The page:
Should I stay or should I go?
I’m riding it out at home. What’s the best advice?
Does taping windows really do anything?
Should I drain water from my pool?
Without power, will refrigerated food last?
What about phones? Will cell phone towers get wiped out?
What can I do about my animals?
Can I get money from my bank?
What documents should I take with me?
Is there an emergency radio station?
Should I talk about the potential dangers of the storm with my children?
How can I avoid getting electrocuted?
What should I do if the power goes out?
My store ran out of bottled water. What can I do?
My car flooded. What should I do?
My furniture and carpet are soaked. What should I do?
The President has declared a major disaster in our area. What does that mean?
How can I prepare to make an insurance claim?
I stay or should I go?
If you have been ordered to evacuate, go. Be prepared to be gone at
least 24 to 48 hours. If you stay, keep in mind that bridges and causeways
likely will be shut down when winds reach about 40 mph.
riding it out at home. Whats the best advice?
sure windows are protected.
the yard of potential flying debris.
away from windows, skylights and glass doors. Find an interior,
reinforced room, closet or bathroom on the lower floor.
you lose power, turn off major appliances, including the air conditioner
and water heater, to reduce damage.
flooding threatens, turn off electricity at the main breaker.
taping windows really do anything?
Taping windows wont keep them from breaking. Some people say it
lessens the amount of glass blowing around, others say its a waste
of time and effort because it provides no protection from flying debris.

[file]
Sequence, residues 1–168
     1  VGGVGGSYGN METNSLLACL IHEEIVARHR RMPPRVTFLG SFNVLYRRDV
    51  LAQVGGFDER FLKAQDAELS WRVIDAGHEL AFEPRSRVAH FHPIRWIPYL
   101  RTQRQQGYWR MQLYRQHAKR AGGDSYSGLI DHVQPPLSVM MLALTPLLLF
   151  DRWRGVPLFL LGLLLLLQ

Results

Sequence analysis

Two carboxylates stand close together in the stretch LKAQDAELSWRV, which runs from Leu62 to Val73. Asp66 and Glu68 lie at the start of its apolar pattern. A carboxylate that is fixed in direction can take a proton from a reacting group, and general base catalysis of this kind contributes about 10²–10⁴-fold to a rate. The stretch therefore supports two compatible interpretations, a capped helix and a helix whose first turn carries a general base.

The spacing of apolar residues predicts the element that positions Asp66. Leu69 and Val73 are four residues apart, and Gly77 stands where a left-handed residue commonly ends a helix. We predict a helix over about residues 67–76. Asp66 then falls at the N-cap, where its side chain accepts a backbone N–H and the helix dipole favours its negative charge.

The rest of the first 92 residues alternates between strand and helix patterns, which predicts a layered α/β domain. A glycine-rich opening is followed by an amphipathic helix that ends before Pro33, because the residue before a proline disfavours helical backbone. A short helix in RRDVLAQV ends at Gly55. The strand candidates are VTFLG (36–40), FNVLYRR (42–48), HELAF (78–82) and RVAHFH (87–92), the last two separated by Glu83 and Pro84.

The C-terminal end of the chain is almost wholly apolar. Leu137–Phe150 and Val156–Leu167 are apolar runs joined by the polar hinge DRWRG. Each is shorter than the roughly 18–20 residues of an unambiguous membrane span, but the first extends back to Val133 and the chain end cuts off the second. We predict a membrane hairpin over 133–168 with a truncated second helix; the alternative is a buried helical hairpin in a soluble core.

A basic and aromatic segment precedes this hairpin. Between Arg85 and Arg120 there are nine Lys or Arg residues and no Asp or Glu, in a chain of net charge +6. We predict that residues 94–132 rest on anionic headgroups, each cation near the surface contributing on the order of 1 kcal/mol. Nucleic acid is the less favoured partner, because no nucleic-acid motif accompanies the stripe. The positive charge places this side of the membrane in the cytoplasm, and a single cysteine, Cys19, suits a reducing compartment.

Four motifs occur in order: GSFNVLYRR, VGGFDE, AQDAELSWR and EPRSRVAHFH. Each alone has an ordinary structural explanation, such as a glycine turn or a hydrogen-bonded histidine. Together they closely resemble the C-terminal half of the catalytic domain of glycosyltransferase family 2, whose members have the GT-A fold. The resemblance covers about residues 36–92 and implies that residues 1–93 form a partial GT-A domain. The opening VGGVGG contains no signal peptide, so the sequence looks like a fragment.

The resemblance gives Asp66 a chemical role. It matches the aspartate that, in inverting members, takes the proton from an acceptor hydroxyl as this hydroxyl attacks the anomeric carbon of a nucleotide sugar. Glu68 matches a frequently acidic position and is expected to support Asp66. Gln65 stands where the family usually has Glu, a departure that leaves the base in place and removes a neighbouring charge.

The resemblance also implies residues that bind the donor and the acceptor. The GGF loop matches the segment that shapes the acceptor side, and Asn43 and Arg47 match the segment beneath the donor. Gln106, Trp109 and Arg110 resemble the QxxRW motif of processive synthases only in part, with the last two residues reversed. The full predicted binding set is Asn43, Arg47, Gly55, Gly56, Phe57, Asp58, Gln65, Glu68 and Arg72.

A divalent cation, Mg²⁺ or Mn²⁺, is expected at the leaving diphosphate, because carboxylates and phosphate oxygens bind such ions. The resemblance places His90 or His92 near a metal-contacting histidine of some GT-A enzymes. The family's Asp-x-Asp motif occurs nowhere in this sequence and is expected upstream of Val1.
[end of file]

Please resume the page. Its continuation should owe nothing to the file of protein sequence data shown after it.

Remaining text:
Storm shutters or plywood are better.
I drain water from my pool?
empty your pool. It could experience structural problems and even
pop out of the ground.
your pool is properly equipped with adequate drains and skimmers and
the surrounding area is properly drained, the water level probably
can be left as is.
extra chlorine to prevent contamination.
the water supply fails, the pool can be a handy source of water for
washing or flushing toilets.
you cant store patio chairs, tables and pool equipment inside,
put them in the pool.
power, will refrigerated food last?
a full freezer, food will stay frozen for about two days. In a half-full
freezer, food will stay frozen for about one day.
foods in the refrigerator that have been kept above 40 degrees for
more than two hours should be thrown out.
the freezer with blankets, but be sure to keep the air vent uncovered.
Food will stay cold four to six hours.
about phones? Will cell phone towers get wiped out?
important things to have on hand are a corded landline phone and a
car charger for your cell phone.
power outage wont directly affect landline phone service, but
it will knock out electrically powered cordless phones.
cell towers are less vulnerable to storm winds than utility poles.
But a power outage will make it impossible to keep your cell phone
charged without extra, charged batteries, or a car charger.
you run into network congestion on your cell phone, try sending a
text message, which requires less bandwith and has a better chance
of getting through.
can I do about my animals?
If you need to evacuate, dont leave your pet behind. Most emergency
shelters dont allow pets, so you might have to turn to friends
or family for help. Area animal shelters do not accept pets during hurricanes.
I get money from my bank?
Probably through your ATM. Banks will typically urge customers to use
telephone or internet banking.
documents should I take with me?
A list might include: checkbook, safe deposit key, financial center
locations and phone numbers, birth, death and marriage certificates,
will/power of attorney, Social Security card/records, military records,
medical records (living will or other medical powers), insurance policies,
checking and savings account statements, retirement account records,
pay stubs, tax returns, car titles and registrations, mortgage deeds